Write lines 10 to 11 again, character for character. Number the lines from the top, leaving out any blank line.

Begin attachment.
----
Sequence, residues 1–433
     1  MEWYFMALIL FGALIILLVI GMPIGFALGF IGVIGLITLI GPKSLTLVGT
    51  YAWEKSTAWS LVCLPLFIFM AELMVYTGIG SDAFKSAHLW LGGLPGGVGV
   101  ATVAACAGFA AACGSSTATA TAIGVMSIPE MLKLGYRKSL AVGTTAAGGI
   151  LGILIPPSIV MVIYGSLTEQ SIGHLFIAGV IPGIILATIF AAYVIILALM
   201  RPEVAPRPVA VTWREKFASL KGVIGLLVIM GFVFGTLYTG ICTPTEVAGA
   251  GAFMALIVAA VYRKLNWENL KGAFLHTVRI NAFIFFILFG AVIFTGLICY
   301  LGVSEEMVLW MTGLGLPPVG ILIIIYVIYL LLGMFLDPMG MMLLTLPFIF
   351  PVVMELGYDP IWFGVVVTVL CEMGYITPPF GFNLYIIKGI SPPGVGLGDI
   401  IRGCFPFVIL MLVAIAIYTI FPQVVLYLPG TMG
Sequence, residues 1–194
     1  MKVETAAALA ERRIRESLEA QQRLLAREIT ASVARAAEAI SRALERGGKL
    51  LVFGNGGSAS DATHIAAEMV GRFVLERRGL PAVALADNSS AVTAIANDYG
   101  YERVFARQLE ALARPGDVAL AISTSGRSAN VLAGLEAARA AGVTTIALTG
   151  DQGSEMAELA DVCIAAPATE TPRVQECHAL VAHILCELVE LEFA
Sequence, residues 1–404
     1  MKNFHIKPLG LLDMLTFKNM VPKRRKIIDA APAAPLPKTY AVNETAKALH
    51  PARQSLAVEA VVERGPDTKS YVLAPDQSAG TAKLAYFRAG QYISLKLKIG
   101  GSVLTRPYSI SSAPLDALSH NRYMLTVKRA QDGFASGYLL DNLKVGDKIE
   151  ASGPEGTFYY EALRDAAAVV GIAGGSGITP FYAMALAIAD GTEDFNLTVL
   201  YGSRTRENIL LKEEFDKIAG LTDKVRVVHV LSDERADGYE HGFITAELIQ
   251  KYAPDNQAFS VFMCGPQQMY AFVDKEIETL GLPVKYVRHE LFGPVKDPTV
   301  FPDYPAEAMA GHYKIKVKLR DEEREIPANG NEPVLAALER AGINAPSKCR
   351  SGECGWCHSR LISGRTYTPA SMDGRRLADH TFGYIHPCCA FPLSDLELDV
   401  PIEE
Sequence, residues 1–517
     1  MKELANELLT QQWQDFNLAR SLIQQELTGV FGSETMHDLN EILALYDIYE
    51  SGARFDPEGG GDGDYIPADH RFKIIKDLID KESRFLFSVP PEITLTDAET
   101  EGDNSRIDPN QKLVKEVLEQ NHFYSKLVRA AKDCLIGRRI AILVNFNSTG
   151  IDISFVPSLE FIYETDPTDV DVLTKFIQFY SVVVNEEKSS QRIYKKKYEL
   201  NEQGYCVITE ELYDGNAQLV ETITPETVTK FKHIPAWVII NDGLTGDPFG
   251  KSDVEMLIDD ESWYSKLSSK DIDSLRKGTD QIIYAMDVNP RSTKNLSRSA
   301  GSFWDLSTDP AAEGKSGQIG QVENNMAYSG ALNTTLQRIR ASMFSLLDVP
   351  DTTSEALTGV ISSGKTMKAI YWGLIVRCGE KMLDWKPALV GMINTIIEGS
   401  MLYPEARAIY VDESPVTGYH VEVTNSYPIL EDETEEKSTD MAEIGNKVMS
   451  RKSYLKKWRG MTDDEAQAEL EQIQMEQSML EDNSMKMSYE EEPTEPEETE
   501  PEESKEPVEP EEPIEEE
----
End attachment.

   401  IRGCFPFVIL MLVAIAIYTI FPQVVLYLPG TMG
Sequence, residues 1–194